Temple Owls

Temple commits 6 turnovers in blowout loss to No. 21 South Florida

ap-south-florida-temple.jpg
AP Images

Temple commits 6 turnovers in blowout loss to No. 21 South Florida

BOX SCORE

TAMPA, Fla. -- An improved defense is setting up No. 21 South Florida for a potentially big season.

The Bulls forced six turnovers and held defending American Athletic Conference champion Temple to minus-4 yards rushing Thursday night in a 43-7 victory that extends the team's winning streak to a school-record nine straight games.

Darius Tice rushed for 117 yards and two touchdowns, and USF (4-0) scored at least 30 points in a nation-leading 21st consecutive game.

Dual-threat quarterback Quinton Flowers and an explosive offense usually keys the team's success, however that's beginning to change.

The team had four interceptions Thursday night, boosting its season total to 12 in four games. The Bulls had eight all last season, when USF prospered despite having a leaky defense.

In part because of the strides made on defense, the Bulls have not lost since falling by 16 points to Temple last October in Philadelphia -- a setback that wound up costing them a berth in the AAC championship game.

Coach Charlie Strong said rather than dwell on what transpired last year, he and his players focused on the importance of setting a tone for this season's conference race.

"When you play with passion and enthusiasm, that's the kind of performance you'll get," Strong said.

Tice scored on runs of 47 and 3 yards. Flowers, coming off accounting for 386 yards and five TDs in a 24-point blowout of Illinois , also ran for two touchdowns to take sole possession of first place on the Bulls' career rushing TD list with 34.

USF's defense, meanwhile, dominated from the start, pressuring Temple's Logan Marchi and coming up with the first three interceptions of the season thrown by the Owls quarterback.

Backup quarterback Frank Nutile was intercepted once, and the Owls also lost two fumbles.

"You're not going to lead very many games when you turn the ball over six times," Temple coach Geoff Collins said.

"The thing that we talked about all week was being plus-three in the turnover margin," Collins added. "They're way too good of a team to be negative, especially negative six."

The Owls (2-2) were held to minus-4 yards net rushing and were outgained 408 yards to 85. Marchi threw for 767 yards, five TDs and no interceptions in his first three starts for Temple, but was just 3 of 13 for 32 yards on Thursday night.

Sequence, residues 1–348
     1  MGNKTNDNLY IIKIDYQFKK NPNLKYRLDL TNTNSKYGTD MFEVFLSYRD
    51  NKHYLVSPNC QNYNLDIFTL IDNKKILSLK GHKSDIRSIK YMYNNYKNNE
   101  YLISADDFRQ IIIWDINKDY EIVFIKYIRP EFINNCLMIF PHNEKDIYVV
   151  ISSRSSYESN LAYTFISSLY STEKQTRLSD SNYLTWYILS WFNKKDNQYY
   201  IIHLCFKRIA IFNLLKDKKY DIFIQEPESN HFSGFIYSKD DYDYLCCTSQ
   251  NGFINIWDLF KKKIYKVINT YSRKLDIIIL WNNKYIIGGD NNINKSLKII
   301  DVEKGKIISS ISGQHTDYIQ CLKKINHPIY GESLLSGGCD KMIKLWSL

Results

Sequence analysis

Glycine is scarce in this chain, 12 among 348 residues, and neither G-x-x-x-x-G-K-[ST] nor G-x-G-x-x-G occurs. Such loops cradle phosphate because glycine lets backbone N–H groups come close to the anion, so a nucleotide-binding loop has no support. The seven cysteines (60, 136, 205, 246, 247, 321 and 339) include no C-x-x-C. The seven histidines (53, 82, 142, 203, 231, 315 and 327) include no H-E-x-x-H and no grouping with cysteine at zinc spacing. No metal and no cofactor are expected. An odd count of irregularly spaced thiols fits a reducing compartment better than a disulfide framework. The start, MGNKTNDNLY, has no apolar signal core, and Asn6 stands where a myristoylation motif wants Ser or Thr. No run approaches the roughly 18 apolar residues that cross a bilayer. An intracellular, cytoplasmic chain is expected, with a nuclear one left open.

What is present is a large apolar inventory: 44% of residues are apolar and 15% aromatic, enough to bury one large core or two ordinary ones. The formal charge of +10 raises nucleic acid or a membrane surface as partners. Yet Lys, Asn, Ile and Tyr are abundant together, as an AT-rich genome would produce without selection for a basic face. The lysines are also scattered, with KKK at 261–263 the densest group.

"We've got to get better. We've got to protect the ball, which has been a trademark for us for three entire games," Collins said. "We let that slip a little bit tonight, but we'll get that corrected."

Defensive end Jacob Martin scored Temple's only touchdown, sacking Flowers and forcing a fumble that the defensive end returned 44 yards in the second quarter.

The teams have developed a little bit of a rivalry over the past three seasons. USF knocked off the then-No. 21 Owls 44-23 in Tampa two years ago and Ryquell Armstead rushed for 210 yards and two TDs to key Temple's 46-30 victory in Philadelphia last October.

Both teams finished 7-1 in league play, with the Owls representing the Eastern Division in the AAC championship game for the second straight year under former coach Matt Rhule, who left for Baylor in December.

Less than a week later, Strong -- fired at Texas after three seven-loss seasons -- landed at USF, which lost former coach Willie Taggart to Oregon.

Strong inherited a team that won a school-record 11 games and has the Bulls off to their best start since 2011.

The takeaway
Temple: The Owls have lopsided losses to Notre Dame and USF wrapped around close wins over Villanova and Massachusetts. The defense has been vulnerable to both the run and pass. Offensively, first-year coach Geoff Collins has to get Marchi and Armstead, who gained 3 yards on 11 carries Thursday night, back on track.

South Florida: Flowers is one of the best dual-threat quarterbacks in the nation, however the Bulls are hardly a one-man show on offense. What's becoming clear as the season progresses, though, is a much-improved defense has a chance to make this a truly special year for USF, which has never won a conference championship.

Poll implications